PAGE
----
Labor Day is 100 years old next Monday. On Sept. 5, 1882, the first parade in honor of working people took place in New York City. It was the idea of Peter J. McGuire, founder of the Carpenter's Union and a member of New York's Central Labor Council.

In 1887 Colorado became the first state to declare Labor Day a legal holiday, and in 1894 President Grover Cleveland signed a bill making it a national one.

Which is why you will not be caught in a traffic jam on the Beltway next Monday but will be lying about enjoying the last, long weekend of summer.

Since labor has done that for you, why not do something for labor?

You could organize a sidewalk parade to remind people of what the day stands for. Commemorate this historic anniversary with banners from the past: Workers of the World Unite; Strike for the Eight-Hour Day; No More Child Labor; Remember the Triangle Waist Company Fire (which took the lives of 142 workers in 1912). Two, Four, Six, Eight To Eat You Must Negotiate

A whole generation has grown up without knowing a world where workers had to fight for the right to organize. To teach them the difficulties of solidarity, give a dinner where everyone is assigned a specific chore.

Make one person head of the Table Setters' Union, put another in charge of the United Salad Makers. Have a Federation of Dish Washers, a Congress of Chefs and the Affiliated Wine Pourers. And, of course, appoint owners who will eat up the profits. You might even (oh, shame) have one or two guests to act as scabs.

Perhaps the Table Setters will decide they are overworked and underpaid and call a strike. But are they strong enough to bring the owners to their knees? They are if they can convince the Affiliated Wine Pourers to join them. Will the Federation of Dish Washers back the strike, or will they clean plates and glasses that have crossed a picket line?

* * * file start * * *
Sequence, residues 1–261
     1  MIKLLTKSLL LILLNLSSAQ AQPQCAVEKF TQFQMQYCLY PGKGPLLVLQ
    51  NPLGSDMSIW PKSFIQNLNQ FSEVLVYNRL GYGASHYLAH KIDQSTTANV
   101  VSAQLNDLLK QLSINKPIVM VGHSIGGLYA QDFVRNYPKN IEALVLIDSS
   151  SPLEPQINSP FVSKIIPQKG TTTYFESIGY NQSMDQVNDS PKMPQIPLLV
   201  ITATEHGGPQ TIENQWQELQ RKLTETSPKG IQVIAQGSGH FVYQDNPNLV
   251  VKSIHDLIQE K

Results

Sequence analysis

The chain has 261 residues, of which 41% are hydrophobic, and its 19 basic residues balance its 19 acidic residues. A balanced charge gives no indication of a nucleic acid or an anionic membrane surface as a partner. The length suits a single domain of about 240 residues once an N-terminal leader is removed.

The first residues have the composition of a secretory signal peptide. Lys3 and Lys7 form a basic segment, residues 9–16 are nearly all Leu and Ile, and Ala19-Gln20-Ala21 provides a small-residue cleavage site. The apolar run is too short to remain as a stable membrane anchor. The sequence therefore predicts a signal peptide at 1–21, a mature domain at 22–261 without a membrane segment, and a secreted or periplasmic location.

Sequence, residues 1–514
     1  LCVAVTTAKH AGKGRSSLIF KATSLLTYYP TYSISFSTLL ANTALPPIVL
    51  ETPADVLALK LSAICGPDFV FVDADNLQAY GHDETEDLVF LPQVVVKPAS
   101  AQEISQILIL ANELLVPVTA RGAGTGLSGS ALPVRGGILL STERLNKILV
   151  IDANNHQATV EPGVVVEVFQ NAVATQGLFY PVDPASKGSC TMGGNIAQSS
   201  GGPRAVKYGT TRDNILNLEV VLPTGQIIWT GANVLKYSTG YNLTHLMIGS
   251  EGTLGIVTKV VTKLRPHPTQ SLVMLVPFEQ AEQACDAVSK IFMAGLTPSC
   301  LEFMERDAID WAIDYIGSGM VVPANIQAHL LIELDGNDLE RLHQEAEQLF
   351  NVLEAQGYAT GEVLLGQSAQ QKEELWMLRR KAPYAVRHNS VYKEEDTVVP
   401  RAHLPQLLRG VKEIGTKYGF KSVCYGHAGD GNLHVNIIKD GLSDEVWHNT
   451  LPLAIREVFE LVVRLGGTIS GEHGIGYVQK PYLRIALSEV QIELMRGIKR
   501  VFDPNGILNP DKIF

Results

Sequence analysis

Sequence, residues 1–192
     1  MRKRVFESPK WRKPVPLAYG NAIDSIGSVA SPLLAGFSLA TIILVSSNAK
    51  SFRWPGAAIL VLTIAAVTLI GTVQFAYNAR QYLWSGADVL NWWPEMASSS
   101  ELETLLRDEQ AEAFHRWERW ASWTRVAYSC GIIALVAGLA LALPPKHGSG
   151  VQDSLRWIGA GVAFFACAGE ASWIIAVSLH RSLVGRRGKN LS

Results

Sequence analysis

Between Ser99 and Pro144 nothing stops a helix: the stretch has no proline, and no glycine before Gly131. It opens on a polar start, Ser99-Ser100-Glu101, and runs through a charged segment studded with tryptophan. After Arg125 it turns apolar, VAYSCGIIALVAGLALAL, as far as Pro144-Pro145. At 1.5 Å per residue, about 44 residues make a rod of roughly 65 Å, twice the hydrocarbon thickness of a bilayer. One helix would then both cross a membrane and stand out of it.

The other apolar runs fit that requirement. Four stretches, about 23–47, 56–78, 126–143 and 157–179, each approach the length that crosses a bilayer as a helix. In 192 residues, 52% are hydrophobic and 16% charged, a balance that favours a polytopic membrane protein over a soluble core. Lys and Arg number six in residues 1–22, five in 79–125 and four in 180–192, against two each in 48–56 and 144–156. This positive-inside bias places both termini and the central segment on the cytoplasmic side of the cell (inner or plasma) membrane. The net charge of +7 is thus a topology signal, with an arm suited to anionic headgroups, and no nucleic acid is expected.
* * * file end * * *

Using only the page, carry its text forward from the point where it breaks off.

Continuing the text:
Will the Congress of Chefs combine with the United Salad Makers to form Eats International and control dinner? Lead everyone to the bargaining table first and the dinner table later. The only rule is that the group representing the owners must not pick up their wallets, close down the party and take themselves off to a restaurant. Union Made

All this union activity should, of course, be accompanied by union songs. The AFL/CIO puts out a small pamphlet of labor songs and the Federation's library has several union song books. To obtain the pamphlet (100 free and then 10 cents a copy), write: AFL/CIO, Pamphlets Division, 815 16th St. NW, Washington, D.C. 20006.

The 50 "sing-out-together" songs in the pamphlet include old familiars like "Home on the Range" and "The Sidewalks of New York," plus more strident ditties like Woody Guthrie's "Union Maid" (sung to the tune of "Red Wing"): There once was a union maid, She never was afraid, Of goons and ginks and company finks, And the deputy sheriffs that made the raid; She went to the Union Hall When a meeting it was called, And when the company boys came 'round, She always stood her ground. Chorus: O you can't scare me, I'm sticking to the union, I'm stickin' to the union, I'm stickin' to the union, O you can't scare me, I'm sticking to the union, I'm stickin' to the union, till the day I die. Fruit of Your Labor

Another way to celebrate Labor Day would be to labor in a vineyard. Pack a picnic, gather a group of fellow grape pickers and, as you move among the vines, remember the difficulties of the United Farm Workers in organizing the grape pickers and how some liberals gave up grapes altogether rather than run the risk of eating a nonunion concord.

Provenza Vineyards, 805 Greenbridge Rd., Brookeville, Md., lets customers pick their own grapes on weekends from 8 a.m. to 7 p.m. and on weekdays by special arrangement. The vineyard grows these varieties, listed in order of their ripening: (red) foch, cascade, chancellor, villard noir, chelois and (white) seyval, rayon d'or, vidal, and villard blanc.

They ask that you bring pruning shears to free the grapes from the vine and plastic leaf bags to carry them home. According to the vineyard, 16 pounds of grapes will crush down into a gallon of juice. The grapes are 60 cents a pound when you pick up to 10 pounds, 50 cents a pound for 11 to 25 pounds, 45 cents a pound for 26 to 50 pounds, and 20 on down in price till anyone picking 1,000 pounds pays 25 cents a pound. To make your grape-picking arrangements and to get directions to the vineyard, call 301-774-2310.

Two other orchards where you can pick your own grapes: Moormont Orchard, Rapidan, Va. (703-672-2730 or 1-800-572-2262) and Esdraelon Vineyards, Fawn Grove, Pa. (717-382-4018).

And, if you really want to enter into the spirit of things: When you get home set up plastic wading pools, fill them with grapes and have everyone crush the fruit the old-fashioned way.